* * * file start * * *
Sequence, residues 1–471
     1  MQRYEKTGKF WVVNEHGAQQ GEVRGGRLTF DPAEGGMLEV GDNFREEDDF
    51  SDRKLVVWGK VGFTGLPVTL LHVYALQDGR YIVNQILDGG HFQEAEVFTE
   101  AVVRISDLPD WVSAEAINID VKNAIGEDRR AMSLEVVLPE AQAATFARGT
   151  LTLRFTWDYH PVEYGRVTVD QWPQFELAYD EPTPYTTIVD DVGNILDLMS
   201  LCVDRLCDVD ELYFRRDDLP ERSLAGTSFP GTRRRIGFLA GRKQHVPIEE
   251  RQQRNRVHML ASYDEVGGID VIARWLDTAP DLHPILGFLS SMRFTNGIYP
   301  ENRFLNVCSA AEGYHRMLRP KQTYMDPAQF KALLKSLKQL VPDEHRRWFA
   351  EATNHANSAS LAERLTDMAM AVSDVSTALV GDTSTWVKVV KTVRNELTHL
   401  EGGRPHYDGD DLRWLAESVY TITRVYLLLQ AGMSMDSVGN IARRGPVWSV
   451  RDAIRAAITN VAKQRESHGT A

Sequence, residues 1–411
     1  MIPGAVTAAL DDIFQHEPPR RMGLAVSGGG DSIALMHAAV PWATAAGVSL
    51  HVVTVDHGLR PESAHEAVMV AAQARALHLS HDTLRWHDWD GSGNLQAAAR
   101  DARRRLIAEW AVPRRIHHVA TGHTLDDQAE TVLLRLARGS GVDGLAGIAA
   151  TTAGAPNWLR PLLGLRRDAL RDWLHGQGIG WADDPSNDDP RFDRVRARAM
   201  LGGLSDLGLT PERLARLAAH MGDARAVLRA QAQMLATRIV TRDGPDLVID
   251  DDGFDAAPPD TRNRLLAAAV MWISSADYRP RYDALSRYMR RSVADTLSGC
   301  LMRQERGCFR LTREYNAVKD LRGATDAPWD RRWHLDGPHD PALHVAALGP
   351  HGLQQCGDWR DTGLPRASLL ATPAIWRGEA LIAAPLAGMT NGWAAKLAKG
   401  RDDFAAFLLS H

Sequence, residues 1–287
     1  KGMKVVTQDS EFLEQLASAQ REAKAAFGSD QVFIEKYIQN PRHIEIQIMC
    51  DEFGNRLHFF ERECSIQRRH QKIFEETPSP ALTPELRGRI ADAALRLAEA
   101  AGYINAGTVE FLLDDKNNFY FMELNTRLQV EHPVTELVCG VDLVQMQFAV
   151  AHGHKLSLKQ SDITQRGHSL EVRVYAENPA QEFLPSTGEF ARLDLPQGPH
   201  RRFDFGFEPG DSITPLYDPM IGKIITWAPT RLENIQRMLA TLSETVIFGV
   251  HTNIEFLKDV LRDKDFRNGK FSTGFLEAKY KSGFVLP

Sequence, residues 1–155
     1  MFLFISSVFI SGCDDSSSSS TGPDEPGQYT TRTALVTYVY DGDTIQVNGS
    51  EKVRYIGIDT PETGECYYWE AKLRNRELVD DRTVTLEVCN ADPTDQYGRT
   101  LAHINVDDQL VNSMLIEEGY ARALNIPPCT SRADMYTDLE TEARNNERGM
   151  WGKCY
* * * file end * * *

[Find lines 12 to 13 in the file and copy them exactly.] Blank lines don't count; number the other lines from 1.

Sequence, residues 1–411
     1  MIPGAVTAAL DDIFQHEPPR RMGLAVSGGG DSIALMHAAV PWATAAGVSL